– SP Gerrit Cole, acquired in trade from Pittsburgh: One of the big names to be moved this offseason as the Pirates looked to retool. He had a brilliant debut on Sunday against Texas, allowing one run on a Joey Gallo homer and striking out 11 in seven innings. The Orioles will miss him this series.
– RP Joe Smith, free agent: Hard-throwing veteran has allowed two runs in one inning of work so far this season.
– RP Hector Rondon, free agent: Former Cubs closer had 77 saves from 2014-16.
– RP Luke Gregerson, free agent
– DH Carlos Beltran, retired
– RP Tyler Clippard, free agent
– SP Mike Fiers, free agent
– OF Preston Tucker, traded to Atlanta for PTBNL
– SP/RP Joe Musgrove, traded to Pittsburgh in Cole deal
– RP Michael Feliz, traded to Pittsburgh in Cole deal
– C: Brian McCann
– 1B: Marwin Gonzalez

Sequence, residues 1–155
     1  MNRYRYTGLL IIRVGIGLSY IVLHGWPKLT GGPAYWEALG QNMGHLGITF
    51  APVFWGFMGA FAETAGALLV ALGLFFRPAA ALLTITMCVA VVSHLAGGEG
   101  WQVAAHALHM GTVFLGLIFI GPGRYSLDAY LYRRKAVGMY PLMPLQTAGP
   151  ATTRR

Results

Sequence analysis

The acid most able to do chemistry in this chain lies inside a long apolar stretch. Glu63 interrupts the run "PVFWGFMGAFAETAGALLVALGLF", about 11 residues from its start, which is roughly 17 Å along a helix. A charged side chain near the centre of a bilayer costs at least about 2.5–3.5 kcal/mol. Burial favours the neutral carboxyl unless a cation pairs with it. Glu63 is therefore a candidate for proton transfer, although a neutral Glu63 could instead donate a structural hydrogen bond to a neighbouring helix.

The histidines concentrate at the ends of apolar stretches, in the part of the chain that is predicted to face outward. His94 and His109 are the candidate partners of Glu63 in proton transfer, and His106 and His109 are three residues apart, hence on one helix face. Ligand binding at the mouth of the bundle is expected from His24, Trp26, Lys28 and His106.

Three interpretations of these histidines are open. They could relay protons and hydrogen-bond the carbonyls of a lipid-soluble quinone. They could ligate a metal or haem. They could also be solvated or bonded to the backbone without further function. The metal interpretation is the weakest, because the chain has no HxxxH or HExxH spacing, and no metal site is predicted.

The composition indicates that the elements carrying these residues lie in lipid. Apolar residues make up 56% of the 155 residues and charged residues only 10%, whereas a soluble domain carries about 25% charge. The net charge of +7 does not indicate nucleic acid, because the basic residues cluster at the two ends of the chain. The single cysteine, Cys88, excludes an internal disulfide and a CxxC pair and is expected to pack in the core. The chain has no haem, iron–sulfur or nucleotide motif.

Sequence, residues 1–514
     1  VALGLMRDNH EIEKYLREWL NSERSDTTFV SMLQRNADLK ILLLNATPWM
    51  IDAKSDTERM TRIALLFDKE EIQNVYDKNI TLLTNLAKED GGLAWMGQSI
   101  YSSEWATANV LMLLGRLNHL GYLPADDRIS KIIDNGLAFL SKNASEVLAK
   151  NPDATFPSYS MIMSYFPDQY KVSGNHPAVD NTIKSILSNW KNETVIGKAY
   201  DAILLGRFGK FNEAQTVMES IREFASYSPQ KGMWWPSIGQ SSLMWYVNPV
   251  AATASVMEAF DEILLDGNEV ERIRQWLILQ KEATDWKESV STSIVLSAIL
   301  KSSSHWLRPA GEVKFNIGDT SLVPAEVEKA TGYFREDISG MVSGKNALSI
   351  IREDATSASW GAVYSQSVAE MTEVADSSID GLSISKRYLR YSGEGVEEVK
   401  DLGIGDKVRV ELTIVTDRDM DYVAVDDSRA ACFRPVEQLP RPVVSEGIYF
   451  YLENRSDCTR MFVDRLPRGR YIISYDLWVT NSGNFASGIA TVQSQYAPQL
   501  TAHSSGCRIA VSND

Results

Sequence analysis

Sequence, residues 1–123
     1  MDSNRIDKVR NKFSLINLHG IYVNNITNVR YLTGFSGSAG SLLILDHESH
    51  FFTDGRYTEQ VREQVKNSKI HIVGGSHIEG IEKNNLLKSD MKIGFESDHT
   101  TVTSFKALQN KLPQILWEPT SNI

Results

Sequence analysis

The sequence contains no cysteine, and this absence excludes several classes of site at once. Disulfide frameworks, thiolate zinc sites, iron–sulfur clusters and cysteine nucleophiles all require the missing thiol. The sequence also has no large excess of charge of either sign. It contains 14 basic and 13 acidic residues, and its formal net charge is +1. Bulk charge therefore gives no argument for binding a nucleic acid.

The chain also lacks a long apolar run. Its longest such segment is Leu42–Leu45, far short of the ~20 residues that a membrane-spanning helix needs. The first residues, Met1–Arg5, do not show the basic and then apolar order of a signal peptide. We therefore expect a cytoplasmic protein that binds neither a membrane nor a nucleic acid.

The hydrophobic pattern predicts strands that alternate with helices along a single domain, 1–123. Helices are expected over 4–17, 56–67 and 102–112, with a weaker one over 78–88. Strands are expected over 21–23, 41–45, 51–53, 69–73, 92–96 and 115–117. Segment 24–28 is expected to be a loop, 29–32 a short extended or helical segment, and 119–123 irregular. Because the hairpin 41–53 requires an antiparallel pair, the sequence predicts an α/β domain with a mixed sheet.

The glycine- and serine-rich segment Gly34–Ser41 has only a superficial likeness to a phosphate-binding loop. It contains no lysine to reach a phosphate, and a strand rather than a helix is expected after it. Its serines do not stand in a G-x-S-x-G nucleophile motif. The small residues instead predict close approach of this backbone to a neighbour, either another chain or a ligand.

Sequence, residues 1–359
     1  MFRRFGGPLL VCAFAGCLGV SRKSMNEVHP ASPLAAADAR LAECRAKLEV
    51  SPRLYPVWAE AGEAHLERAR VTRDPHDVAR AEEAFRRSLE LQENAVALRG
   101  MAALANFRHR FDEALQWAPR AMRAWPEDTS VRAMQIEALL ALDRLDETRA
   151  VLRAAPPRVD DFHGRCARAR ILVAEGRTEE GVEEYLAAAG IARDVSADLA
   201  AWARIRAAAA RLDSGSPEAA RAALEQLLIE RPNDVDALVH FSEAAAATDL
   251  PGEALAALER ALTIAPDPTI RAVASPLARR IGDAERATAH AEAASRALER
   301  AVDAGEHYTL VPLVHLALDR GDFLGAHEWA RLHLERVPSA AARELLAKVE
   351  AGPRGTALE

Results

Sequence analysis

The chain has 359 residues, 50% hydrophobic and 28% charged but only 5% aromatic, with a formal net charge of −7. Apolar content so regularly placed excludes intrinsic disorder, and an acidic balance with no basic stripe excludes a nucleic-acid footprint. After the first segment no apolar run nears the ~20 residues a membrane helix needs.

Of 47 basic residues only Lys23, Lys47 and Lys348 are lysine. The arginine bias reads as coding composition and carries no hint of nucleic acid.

– 2B: Jose Altuve
– SS: Carlos Correa
– 3B: Alex Bregman
– LF: Josh Reddick
– CF: Jake Marisnick
– RF: George Springer
– DH: Evan Gattis
Talk about a dominant lineup. The Astros had baseball’s best offense in 2017, averaging 5.53 runs per game (the Yankees were a distant second at 5.30). They’ve got the reigning AL MVP in Altuve, young studs Springer, Correa and Bregman and underrated veterans Gonzalez and Reddick. And keep in mind this is without Yuli Gurriel (.817 OPS last season), who will miss six weeks with a hand injury and then will have to serve a five-game suspension for making a racist gesture toward Yu Darvish during the World Series. When Gurriel returns, Gonzalez shifts to left field and Springer replaces Marisnick in center.
– C: Max Stassi
– 1B/3B: J.D. Davis
– OF: Derek Fisher